A ‘Speak out Stay Safe’ assembly and workshop was held at Ogmore Vale Primary School as part of NSPCC’s delivery of safety measures to children across Wales and the UK. Entirely funded through fundraising activities for the NSPCC, the scheme is offered to the school at no cost.
Ogmore Assembly Member Huw Irranca-Davies AM was invited to the school to learn first-hand about how NSPCC Cymru are teaching children to speak out and stay safe from abuse.
Launched in 2011, children at more than 1,500 schools in Wales have so far received safety messages on how to speak out about abuse from specially-trained NSPCC staff and volunteers along with Buddy, the service’s mascot. Last year (2017-18) alone, the NSPCC visited 18 primary schools in Bridgend County and 27 in Rhondda Cynon Taff reaching 3,152 and 5,656 children respectively.
Mr Irranca-Davies who is also the Welsh Government Minister for Children, Older People and Social Care said: “The NSPCC has a long-established, excellent reputation for their work in protecting and listening to children and I was delighted to meet representatives from NSPCC Cymru at Ogmore Vale Primary School to hear about their ‘Speak out Stay safe’ service. The pupils, staff and support staff of the school seem to be settling nicely into the new school term and I thank them for their warm welcome.
NSPCC Cymru and the Welsh Government have shared priorities in working towards better outcomes for children in Wales and we all have a moral responsibility to safeguard and promote the welfare of our children.”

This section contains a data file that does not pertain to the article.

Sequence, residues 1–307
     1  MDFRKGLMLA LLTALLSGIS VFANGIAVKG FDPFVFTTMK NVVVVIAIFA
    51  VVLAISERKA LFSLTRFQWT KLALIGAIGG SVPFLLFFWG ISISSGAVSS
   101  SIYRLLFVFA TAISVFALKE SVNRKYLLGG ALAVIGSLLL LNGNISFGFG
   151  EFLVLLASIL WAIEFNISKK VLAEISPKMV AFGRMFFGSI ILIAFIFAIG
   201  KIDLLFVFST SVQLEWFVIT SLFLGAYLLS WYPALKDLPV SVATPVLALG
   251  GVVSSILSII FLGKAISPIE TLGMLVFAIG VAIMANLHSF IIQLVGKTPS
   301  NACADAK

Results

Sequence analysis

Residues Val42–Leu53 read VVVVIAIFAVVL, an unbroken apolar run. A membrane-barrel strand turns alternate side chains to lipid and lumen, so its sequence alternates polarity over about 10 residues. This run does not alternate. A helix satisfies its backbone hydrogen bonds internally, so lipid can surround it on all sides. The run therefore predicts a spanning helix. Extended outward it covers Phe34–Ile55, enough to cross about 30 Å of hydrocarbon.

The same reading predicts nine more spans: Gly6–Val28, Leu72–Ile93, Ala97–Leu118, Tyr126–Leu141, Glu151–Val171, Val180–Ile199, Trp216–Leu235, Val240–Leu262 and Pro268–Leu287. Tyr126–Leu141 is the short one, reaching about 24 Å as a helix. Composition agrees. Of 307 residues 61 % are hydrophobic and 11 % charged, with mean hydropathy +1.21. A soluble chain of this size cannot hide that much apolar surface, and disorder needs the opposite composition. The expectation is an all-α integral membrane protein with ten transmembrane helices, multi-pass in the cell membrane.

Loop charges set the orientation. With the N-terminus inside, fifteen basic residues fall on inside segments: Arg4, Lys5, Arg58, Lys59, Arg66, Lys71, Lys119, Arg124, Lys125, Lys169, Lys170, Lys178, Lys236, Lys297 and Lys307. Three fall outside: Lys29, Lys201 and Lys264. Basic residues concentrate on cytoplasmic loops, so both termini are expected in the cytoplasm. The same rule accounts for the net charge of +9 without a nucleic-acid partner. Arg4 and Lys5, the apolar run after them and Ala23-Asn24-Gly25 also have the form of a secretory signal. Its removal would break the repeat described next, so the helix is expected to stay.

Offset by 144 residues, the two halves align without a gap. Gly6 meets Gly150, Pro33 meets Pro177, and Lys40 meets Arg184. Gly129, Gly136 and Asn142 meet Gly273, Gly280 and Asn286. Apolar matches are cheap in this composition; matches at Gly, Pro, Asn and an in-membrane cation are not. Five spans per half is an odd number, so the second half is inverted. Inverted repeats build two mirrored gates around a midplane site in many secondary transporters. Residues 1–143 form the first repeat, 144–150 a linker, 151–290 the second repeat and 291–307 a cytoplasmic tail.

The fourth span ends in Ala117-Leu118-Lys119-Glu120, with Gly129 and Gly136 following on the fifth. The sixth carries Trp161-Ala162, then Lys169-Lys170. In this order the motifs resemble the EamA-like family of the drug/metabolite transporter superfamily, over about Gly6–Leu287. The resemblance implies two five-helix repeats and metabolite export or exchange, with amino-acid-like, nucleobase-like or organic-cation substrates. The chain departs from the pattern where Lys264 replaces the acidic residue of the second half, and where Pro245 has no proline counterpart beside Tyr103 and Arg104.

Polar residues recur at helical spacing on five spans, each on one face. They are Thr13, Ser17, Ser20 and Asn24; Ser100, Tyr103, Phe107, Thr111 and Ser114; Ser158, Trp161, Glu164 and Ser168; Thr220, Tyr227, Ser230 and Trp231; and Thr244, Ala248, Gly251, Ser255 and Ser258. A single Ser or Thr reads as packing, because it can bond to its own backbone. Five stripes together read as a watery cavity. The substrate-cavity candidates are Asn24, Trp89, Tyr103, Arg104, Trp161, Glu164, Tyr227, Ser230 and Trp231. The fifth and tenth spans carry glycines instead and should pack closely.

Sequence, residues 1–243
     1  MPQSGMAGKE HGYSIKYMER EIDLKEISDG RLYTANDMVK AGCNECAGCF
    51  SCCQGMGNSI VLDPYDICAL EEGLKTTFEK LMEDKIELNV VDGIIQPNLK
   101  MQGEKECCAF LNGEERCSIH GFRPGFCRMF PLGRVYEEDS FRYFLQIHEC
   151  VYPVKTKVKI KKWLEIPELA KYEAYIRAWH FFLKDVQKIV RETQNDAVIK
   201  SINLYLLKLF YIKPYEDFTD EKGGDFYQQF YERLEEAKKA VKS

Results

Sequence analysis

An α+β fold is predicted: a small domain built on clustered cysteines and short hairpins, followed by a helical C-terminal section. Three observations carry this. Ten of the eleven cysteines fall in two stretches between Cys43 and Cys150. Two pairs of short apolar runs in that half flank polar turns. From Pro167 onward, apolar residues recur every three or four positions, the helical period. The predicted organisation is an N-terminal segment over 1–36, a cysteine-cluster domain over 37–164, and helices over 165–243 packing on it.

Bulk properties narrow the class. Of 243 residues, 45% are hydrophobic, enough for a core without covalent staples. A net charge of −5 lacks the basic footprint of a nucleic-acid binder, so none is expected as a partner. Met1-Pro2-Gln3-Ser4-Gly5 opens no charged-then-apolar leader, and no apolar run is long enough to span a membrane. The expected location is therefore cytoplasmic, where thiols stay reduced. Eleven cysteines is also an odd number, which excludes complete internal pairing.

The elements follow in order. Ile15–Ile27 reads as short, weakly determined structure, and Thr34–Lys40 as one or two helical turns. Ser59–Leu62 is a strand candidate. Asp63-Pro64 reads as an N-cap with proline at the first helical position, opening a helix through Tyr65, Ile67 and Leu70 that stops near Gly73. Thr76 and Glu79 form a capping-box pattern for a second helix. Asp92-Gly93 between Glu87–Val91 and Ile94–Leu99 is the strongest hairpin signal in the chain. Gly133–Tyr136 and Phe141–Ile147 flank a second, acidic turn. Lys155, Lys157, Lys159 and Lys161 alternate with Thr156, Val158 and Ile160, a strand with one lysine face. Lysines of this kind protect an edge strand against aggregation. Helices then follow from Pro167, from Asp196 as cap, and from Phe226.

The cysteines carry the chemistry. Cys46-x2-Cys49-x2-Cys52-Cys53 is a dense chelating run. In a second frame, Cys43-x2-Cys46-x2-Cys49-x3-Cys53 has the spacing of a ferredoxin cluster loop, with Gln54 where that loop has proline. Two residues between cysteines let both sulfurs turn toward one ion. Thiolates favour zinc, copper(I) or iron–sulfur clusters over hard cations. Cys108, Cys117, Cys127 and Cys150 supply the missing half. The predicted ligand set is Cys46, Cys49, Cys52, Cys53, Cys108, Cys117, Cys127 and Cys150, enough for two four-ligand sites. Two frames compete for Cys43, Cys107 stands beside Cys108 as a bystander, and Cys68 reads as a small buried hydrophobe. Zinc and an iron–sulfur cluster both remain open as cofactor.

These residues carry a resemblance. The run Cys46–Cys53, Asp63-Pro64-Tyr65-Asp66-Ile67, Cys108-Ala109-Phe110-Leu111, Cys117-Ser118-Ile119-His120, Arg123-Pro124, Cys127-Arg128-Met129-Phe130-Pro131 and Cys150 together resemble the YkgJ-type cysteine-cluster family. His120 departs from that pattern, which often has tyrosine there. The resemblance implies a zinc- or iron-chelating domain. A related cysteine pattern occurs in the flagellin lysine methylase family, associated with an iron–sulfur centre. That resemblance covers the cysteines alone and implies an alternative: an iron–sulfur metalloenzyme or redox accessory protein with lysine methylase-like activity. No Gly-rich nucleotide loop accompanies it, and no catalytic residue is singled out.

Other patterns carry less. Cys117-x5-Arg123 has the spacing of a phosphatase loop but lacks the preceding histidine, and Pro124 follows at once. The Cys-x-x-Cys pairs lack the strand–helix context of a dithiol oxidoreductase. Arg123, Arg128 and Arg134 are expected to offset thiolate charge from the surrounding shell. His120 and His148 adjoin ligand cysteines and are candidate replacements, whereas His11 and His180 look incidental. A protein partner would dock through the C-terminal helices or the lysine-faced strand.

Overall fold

The AM was joined at the primary school by the Ogmore Vale ward member from Bridgend County Borough Council Cllr Dhanisha Patel, also the cabinet member for wellbeing and future generations, and representatives from NSPCC Cymru.
Des Mannion, the head of NSPCC Cymru, said: “The NSPCC provides age-appropriate information to children in schools about what abuse is and how to speak out about it. We know that abuse can be prevented and that children can get help if they speak out. Tens of thousands of children across Wales have already heard this vital message. We always need volunteers to help us spread the message, particularly those who are Welsh-speaking, so we can reach every single school in the country.”
For details on the ‘Speak out, Stay safe’ service, visit learning.nspcc.org.uk/services/speak-out-stay-safe
Adults concerned about the wellbeing of a child can call the NSPCC on 0808 800 5000 or go to nspcc.org.uk
Children can contact Childline with any concerns on 0808 1111, use the app or online at childline.org.uk